FIG. 5 illustrates another example of an instrument guide (90). The instrument guide (90) has an elongate flexible body with a distal end (92) and a proximal end (94). In the present example the body comprises two or more portions. While geometry or and materials in the portions can vary, as shown here the distal portion is an elongate flexible strip (20) similar to instrument guide (10), and the proximal portion is an elongate flexible member (95) having a generally round cross-sectional geometry. While both portions are flexible, the proximal portion is more resilient than the distal portion. In the present example the flexible member (95) has a generally round cross-sectional geometry (solid or tubular) and is formed from a flexible resilient material (such as rubber or durometer santoprene). The dimensions of the two portions can vary, but in one embodiment, the proximal portion (95) is between about 6 and about 14 inches in length, and the distal portion (20) is between about 15 and about 20 inches in length.

Located on or near the proximal end (94) is an anchor (97) adapted for attaching the guide (90) to a surgical instrument. As shown in FIGS. 6A&B, the anchor (97) is a male prong fastener dimensioned to engage a female fastener counterpart located on the surgical instrument (98). The guide (90) can be separated from the surgical instrument by pulling the anchor (97) in the distal direction. Preferably, a threshold pulling force is required to prevent inadvertent separation. Thus, the anchor (97) can be selectively engaged and disengaged from the surgical instrument. Alternatively, the anchor may be permanently attached to the surgical instrument. Naturally, the anchor (97) can take a variety of other forms other than the male/female arrangement described in this example, including without limitation screws or threads, snaps, adhesives, interference fits, barbs, magnets, and the like. In the present example, the surgical instrument (98) is the distal jaw of an ablation clamp; however, a variety of other surgical instruments could also be used depending on the surgical procedure and technique. As shown here, the guide (90) extends axially in-line with the jaw; however, the guide (90) could also extend at an angle from the jaw axis. Alternatively, the anchor (97) could pivotally attach to the jaw, such as with a ball and socket joint.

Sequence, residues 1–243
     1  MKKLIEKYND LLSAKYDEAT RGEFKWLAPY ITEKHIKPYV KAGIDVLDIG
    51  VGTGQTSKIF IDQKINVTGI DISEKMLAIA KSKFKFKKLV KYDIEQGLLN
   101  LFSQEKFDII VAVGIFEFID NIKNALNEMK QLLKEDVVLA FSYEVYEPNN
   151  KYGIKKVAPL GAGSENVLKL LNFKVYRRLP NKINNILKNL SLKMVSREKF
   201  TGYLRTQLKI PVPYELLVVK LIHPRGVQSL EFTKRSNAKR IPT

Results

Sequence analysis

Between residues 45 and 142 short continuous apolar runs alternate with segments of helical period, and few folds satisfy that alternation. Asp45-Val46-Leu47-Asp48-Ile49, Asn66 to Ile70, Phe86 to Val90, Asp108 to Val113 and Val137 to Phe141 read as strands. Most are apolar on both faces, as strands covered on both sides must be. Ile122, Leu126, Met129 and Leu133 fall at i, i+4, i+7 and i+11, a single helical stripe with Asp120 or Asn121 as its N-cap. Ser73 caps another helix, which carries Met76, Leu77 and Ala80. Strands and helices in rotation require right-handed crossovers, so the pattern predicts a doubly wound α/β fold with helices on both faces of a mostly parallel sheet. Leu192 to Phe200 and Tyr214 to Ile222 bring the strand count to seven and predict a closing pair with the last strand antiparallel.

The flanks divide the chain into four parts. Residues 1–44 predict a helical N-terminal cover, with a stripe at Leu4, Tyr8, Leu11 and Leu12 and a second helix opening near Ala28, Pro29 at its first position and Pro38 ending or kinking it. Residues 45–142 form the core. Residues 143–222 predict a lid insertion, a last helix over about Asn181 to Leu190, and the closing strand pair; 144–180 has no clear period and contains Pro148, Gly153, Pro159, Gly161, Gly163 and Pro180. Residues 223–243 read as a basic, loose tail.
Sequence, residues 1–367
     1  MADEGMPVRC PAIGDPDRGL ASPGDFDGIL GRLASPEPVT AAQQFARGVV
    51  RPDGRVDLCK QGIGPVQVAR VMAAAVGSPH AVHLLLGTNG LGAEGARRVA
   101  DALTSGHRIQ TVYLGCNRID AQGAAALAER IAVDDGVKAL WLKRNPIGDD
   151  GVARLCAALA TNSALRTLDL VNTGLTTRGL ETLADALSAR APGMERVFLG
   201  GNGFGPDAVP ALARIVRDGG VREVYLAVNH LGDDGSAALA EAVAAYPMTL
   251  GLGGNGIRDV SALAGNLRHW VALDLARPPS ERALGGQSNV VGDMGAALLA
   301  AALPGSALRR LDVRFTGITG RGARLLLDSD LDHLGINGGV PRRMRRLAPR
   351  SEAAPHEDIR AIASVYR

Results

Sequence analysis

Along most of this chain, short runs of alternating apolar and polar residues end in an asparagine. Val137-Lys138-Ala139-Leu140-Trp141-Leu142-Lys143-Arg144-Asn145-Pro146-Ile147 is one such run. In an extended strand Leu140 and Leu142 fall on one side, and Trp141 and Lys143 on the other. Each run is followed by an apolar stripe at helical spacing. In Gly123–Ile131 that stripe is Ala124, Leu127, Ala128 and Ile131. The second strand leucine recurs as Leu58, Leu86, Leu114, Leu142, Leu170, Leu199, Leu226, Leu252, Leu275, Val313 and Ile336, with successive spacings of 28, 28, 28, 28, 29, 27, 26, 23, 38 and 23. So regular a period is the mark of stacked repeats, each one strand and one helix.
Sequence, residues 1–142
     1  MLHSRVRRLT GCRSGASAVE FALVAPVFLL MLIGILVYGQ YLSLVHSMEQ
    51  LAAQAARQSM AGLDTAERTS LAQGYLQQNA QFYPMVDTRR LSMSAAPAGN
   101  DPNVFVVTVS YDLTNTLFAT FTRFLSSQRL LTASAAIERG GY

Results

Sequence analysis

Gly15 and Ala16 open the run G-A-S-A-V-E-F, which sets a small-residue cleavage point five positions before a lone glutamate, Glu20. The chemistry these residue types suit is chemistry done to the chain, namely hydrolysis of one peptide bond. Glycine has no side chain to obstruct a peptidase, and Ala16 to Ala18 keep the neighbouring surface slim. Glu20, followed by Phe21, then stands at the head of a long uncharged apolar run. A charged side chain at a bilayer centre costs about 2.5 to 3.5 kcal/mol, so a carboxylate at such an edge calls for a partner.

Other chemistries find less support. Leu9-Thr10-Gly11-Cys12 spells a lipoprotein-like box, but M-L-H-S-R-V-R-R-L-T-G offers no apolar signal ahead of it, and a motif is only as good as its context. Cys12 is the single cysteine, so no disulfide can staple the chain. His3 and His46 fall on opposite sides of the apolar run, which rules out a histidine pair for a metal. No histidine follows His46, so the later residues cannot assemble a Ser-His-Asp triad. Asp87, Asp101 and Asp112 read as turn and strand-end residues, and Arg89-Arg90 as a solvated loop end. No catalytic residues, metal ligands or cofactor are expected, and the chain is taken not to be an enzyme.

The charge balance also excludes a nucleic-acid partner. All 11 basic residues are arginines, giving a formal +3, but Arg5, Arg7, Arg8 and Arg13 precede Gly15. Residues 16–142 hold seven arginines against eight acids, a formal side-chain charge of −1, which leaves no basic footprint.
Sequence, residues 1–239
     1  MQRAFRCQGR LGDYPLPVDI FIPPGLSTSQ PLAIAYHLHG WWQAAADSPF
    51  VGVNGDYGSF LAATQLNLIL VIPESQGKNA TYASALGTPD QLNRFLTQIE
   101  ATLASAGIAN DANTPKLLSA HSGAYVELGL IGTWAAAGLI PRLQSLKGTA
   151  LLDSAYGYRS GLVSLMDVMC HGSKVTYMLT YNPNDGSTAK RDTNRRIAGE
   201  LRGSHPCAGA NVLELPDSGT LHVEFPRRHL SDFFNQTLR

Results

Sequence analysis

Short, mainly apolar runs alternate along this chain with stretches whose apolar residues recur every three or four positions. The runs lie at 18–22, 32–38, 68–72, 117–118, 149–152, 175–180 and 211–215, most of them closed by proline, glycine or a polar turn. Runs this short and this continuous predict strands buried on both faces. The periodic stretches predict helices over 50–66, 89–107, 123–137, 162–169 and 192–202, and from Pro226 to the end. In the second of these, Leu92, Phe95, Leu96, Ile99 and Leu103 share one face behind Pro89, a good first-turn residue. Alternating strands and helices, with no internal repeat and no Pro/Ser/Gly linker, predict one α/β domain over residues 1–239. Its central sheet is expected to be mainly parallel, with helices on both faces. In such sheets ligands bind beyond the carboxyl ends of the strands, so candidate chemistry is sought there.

The following illustrates one exemplary method for using the instrument guide (90). Similar to the example illustrated in FIG. 3, a positioning mechanism is placed in the distal pocket (30). A dissection path is created between the pulmonary veins and the pericardium using the positioning mechanism. The surgeon may grasp the distal end (92) of the instrument guide (90) and pull the distal pocket (30) from the positioning mechanism. The positioning mechanism may then be backed out and removed from the surgical field. The anchor (97) is attached to the jaw (98), either before or after the dissected path is created. By continuing to pull the distal end (92) of the instrument guide (90), the distal jaw (98) may be accurately positioned in the dissected path until the pulmonary veins are interposed between the distal and proximal jaws of the ablation clamp. With the anchor (97) attached to the jaw (98), the distal and proximal jaws may then be positioned such that the tissue being treated is interposed between the jaws. The jaws may then be closed and the tissue ablated. After treatment is concluded, the distal jaw (98) is backed out of the dissection path thus pulling the instrument guide (90) behind the jaw (98) until the instrument guide (90) is removed from the surgical field.